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Is Eating Honey Bad for You?

by Timothy Blalock

About Timothy Blalock

Based in Boston, Dr. Timothy Blalock was a senior scientist and regulatory writer at pharmaceutical companies where he developed preclinical research models, authored manuscripts and wrote grants/regulatory documents. He has produced many published scientific articles and is a member of the American Medical Writers Association. Blalock holds a Ph.D. in biomedical science from the University of Florida.


Honey has been used since ancient times as a sweetener, a source of nutrition and a symbol of religious significance. It is a natural product and contains many advantages over other types of sweeteners. However, there are some risks of honey consumption that may be of concern to some people.


Honey is a natural substance produced by bees from the nectar of flowers; it gets its sweet taste from glucose and fructose. There are variations in taste and nutritional profile depending on the source of the nectar. Honey is acidic and contains a low concentration of water, making it difficult for most bacteria to grow in it, although some types may flourish, according to an article in the September 2007 issue of "African Health Sciences." Although honey is mostly sugar, the article notes that it has other beneficial compounds such as antioxidants, iron, minerals and small amounts of the B vitamins.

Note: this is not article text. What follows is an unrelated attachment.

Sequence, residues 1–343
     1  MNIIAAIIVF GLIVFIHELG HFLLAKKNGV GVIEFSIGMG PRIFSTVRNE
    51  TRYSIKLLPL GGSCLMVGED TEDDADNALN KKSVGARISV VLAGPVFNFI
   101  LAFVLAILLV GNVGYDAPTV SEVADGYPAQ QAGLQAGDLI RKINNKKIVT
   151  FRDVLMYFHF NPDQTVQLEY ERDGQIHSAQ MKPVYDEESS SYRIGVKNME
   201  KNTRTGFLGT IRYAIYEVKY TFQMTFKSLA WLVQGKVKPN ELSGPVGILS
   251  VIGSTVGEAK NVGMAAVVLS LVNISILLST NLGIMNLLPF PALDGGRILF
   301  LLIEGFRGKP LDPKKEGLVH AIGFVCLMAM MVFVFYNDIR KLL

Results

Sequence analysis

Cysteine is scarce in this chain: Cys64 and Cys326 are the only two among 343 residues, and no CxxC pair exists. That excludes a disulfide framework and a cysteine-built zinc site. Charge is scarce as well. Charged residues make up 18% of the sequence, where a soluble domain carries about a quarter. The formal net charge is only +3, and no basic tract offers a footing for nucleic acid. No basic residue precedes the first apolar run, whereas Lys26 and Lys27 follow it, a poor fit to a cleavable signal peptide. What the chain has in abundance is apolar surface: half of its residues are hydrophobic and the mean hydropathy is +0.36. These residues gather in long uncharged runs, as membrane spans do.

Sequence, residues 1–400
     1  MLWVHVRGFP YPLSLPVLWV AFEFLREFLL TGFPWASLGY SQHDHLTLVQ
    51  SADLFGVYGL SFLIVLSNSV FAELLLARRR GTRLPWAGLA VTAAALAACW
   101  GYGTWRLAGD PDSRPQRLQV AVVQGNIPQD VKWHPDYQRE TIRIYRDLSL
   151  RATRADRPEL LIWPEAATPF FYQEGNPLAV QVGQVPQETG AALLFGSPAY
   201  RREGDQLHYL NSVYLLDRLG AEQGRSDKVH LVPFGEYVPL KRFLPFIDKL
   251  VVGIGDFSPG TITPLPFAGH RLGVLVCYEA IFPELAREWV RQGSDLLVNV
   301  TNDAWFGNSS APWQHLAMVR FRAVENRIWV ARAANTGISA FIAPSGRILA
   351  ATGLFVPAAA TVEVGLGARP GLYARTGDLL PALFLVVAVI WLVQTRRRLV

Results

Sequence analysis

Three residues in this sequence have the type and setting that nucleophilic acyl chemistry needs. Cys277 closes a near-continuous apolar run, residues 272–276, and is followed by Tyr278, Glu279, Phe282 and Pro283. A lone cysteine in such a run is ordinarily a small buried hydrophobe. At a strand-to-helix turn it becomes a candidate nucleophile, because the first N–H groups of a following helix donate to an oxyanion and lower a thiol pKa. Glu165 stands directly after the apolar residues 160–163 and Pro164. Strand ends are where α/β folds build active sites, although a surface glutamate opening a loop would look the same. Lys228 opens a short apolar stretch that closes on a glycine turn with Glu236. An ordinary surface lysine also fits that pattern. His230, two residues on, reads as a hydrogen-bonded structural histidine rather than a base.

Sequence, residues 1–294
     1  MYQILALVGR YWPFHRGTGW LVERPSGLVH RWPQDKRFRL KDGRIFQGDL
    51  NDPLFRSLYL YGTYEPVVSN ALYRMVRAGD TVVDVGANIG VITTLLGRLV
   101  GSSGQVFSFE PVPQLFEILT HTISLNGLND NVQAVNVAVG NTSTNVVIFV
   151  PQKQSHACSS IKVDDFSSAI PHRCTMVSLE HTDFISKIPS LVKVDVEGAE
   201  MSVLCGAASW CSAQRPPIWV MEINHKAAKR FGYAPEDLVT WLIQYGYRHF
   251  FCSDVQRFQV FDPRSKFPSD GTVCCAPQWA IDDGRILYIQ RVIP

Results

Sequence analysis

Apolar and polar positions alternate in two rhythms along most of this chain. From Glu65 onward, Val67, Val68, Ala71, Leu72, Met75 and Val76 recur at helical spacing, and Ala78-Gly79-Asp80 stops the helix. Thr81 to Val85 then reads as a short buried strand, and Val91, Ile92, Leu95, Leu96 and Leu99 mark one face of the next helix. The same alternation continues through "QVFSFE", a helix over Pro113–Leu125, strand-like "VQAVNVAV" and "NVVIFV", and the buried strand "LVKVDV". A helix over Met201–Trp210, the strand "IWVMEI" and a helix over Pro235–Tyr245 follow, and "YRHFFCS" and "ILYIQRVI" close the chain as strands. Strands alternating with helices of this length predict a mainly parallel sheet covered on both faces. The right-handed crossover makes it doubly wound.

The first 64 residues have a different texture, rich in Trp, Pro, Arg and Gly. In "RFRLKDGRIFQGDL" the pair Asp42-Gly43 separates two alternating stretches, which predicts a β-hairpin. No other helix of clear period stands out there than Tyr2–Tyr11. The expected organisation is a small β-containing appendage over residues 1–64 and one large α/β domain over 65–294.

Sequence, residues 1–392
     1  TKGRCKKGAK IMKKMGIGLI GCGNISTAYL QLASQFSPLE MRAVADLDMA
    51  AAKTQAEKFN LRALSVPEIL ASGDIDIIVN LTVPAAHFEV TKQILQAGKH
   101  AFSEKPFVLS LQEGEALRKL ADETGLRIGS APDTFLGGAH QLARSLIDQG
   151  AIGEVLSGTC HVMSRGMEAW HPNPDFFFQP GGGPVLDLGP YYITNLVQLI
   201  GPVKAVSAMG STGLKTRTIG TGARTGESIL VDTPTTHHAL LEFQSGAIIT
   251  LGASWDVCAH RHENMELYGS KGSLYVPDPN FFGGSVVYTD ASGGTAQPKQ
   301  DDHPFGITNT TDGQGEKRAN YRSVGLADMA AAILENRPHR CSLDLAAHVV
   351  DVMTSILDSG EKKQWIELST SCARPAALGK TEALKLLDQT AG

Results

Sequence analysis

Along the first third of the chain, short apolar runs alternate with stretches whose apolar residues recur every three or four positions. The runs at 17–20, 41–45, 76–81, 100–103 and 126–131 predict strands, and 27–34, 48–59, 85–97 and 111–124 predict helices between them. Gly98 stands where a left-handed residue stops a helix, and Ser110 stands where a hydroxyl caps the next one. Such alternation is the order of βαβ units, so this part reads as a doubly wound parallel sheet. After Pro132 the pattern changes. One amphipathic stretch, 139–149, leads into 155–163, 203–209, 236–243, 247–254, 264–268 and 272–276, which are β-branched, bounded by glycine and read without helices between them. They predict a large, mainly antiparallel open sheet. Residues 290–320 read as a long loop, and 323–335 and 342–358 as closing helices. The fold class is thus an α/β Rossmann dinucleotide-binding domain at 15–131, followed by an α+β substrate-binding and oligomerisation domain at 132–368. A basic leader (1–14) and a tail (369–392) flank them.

Honey contains potent antioxidants such as flavonoids and phenolic acids. according to an article in the October 2002 issue of the "Journal of Agricultural and Food Chemistry." The article also notes the presence of the enzyme catalase, which converts harmful hydrogen peroxide molecules into water and oxygen. In addition, honey contains antimicrobial properties, according to the article in "African Health Sciences," which may explain its use as a folk remedy for the topical treatment of wounds to prevent infection. Other health benefits attributed to honey include fighting cancer and building immunity, but there is not scientific data to support these claims.


Children under the age of 1 should never consume honey due to the possible presence of endospores that may cause botulism, according to the August 1996 issue of the "International Journal of Food Microbiology." This risk of botulism is quite small in adults, however. In addition, the Food and Drug Administration reports that honey from bees that collected nectar from rhododendrons contains a toxin that induces dizziness, weakness, nausea and vomiting. Toxic honey may be produced by bees in other parts of the world that collect honey from certain flowers, but the risk in most of the world is slight.

Avoiding Risks

If you are concerned about potential risks of honey, you may want to avoid raw or unfiltered honey, which contains more spores and possible allergens. It is also best to avoid honey that has crystallized, since this can encourage the honey to grow yeast or bacteria. Honey has a long shelf life, but it is safer to consume honey that is fresher to avoid any potential contamination. In general, the benefits of honey outweigh the risks and make it a preferable sweetener to sugar in many instances due to its superior nutritional profile.

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This article reflects the views of the writer and does not necessarily reflect the views of Jillian Michaels or JillianMichaels.com.